by Joe Giandonato, MBA, MS, CSCS
Pump up your performance in a pinch with these fivemovements.
Let’s face it, most athletes dread warming up. Much likemeeting the parents, college math classes, flossing, and practice, warming upis a necessary evil. The failure to complete each aforementioned task carries substantialconsequences.
Dodging the folks will spoil your courtship. Blowing offcollege math classes will relegate you to jobs in which you must “wash yourhands before returning to work”. Abjuring regular flossing will result in eachtrip to the dentist becoming a noncredit oral hygiene elective. And unlessyou’re Allen Iverson, not practicing will earn you an express ticket to thebench.
Failure to warm up may rob you of the ability to displayathleticism and worse yet, might permanently cement you a spot on the bench.
Before we get into the nitty gritty of the warm up, allowme to extoll the many virtues of warming up, which collectively allow you toperform at your best while warding off injuries.
Warm ups serve the following purposes:
· Boost blood flow which elevates your coretemperature
· Align and lubricate your joints which improvestability and mobility required to perform athletic movements
· Activate your CNS
Simply stated, warm ups provide your body thephysiological ammunition it needs to perform optimally. Dynamic stretching isthe preferred choice prior to commencing your workout. Dynamic stretchinginvolves movements performed through a full range of motion which oftenreplicate exercises or components of exercises which will be performed later inthe workout. Research has shown that dynamic stretching prior to practice andcompetition elicit improvements in sprint and jump performance (1). Sprinklingin plyometric exercises within your warm may improve your explosiveness. When plyometric exercises are performed, theCNS favorably recruits high threshold motor units (2), thereby allowing you toproduce more muscular force , in turn making you faster, your cuts moreprecise, and giving you a little more hang time.
Now that you have been blinded by science, it’s time totry the warm up.
The warm up protocol is something I’ve used with myathletes in my past life as a strength and conditioning coach and with thediverse client base, ranging from soccer moms to powerlifters, which Ipresently train.
The Fab Five Warm Up is a total body, multiplanar warm upconsists of five movements with each performed five times or, where specified,for five seconds. This warm up doesn’t require any equipment and you won’t needmuch space. An empty squat rack or bare platform will suit you just fine.
1) Half Kneeling Stance with Overhead Reach
· Assume a half kneeling position, keeping theknee of the leg and foot of the front leg firmly planted on the ground
· Keep the core tight and rib cage “pulled down”
· Keep the rear hip extended by squeezing the glute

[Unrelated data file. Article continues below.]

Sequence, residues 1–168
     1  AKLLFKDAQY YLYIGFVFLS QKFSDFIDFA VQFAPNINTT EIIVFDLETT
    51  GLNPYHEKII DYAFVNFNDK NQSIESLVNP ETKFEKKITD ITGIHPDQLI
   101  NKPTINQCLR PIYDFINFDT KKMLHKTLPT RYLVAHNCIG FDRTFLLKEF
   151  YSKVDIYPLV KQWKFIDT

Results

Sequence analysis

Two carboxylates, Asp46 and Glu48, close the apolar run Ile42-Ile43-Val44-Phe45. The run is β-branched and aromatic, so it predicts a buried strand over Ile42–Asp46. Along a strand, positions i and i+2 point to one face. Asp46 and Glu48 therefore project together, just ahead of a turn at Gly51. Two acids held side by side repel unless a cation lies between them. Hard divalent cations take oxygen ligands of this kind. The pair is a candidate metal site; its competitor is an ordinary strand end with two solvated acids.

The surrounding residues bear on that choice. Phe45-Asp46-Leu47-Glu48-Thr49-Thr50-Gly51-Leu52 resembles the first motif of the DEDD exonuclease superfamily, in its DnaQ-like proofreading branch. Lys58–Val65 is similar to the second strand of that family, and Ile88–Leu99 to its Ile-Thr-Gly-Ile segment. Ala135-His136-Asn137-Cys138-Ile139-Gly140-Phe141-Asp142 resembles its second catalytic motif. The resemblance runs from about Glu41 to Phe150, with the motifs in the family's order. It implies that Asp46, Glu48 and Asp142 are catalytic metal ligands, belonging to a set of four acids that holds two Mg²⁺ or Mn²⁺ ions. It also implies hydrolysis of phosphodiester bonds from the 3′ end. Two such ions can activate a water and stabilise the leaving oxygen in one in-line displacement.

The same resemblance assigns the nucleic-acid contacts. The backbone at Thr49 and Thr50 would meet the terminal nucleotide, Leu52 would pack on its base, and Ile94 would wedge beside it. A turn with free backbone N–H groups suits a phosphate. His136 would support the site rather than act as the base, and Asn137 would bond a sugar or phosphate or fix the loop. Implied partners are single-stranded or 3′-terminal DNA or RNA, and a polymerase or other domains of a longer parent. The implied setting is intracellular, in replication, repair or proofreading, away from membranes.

· Pulling the chest big and shoulder blades down,elevate your arms overhead
· Exhale as your reach overhead while keeping thecore braced
· Try to avoid arching the back, pushing the headforward, or allowing the ribs to flare
Reps: 5 each side
2) Groiner Stretch with Thoracic Rotation andShoulder Internal Rotation
· Set up as if you are getting ready to do a pushup
· Bring up one foot as far as you can withouteliciting discomfort
· Place your hand on the small of your back
· Using your core, “push” the spine into the backof your hand to engage your core
· Rotate through the shoulders and try to open upthe chest
· Lead with the head. Remember, where the headgoes, the body follows.
Reps: 5 each side
3) Contrast Push Ups
· Assume a push up position and perform an isometricpush up with the body hovering over the ground for five seconds
· Next, perform five regular push ups
· Wrap up the set by performing five plyometricpush ups
Reps: 5 each movement, following a five second isometricpush up
4) Rotational Squats with Overhead Reach
· Assume a standing position and plant your leftfoot on the ground
· Rotate through the shoulders and hips away fromthe left foot and perform a lateral squat
· During the lateral squat, perform an overheadreach while exhaling
· Be sure to keep the core tight
Reps: 5 each side
5) Contrast Squats
· Assume a squat position and perform an isometricsquat with the hips back, knees out, and core engaged for five seconds
· Next, perform five regular squats
· Wrap up the set by performing five jump squats
1. Needham RA, Morse CI, Degens H. The acute effectof different warm-up
protocols on anaerobic performance in elite youth soccerplayers. J Strength Cond
2. Macaluso F, Isaacs AW, Myburgh KH. Preferentialtype II muscle fiber
damage from plyometric exercise. J Athl Train. 2012;47(4):414-420.
About the Author
Joe Giandonato presently serves asthe Coordinator of Fitness Programs at Drexel University, where he overseesassessments, personal training, and all recreational fitness programming.Previously, Giandonato served as the Head Strength and Conditioning Coach andFitness Director at Germantown Academy in Fort Washington, PA, where hepresided over the assessment, preparation, and implementation of trainingprograms for athletes in grades 6 through 12 and a diverse and accomplishedalumni base, many of whom compete in collegiate athletics and in a host ofprofessional and amateur leagues. Giandonato also serves an adjunct instructorof exercise science and fitness electives at colleges throughout thePhiladelphia-area. Concurrent with his administrative and teaching duties,Giandonato is also an accomplished writer, having authored over 250 articlesappearing on websites and in print. Presently, he serves as the Senior ScienceEditor for ]]>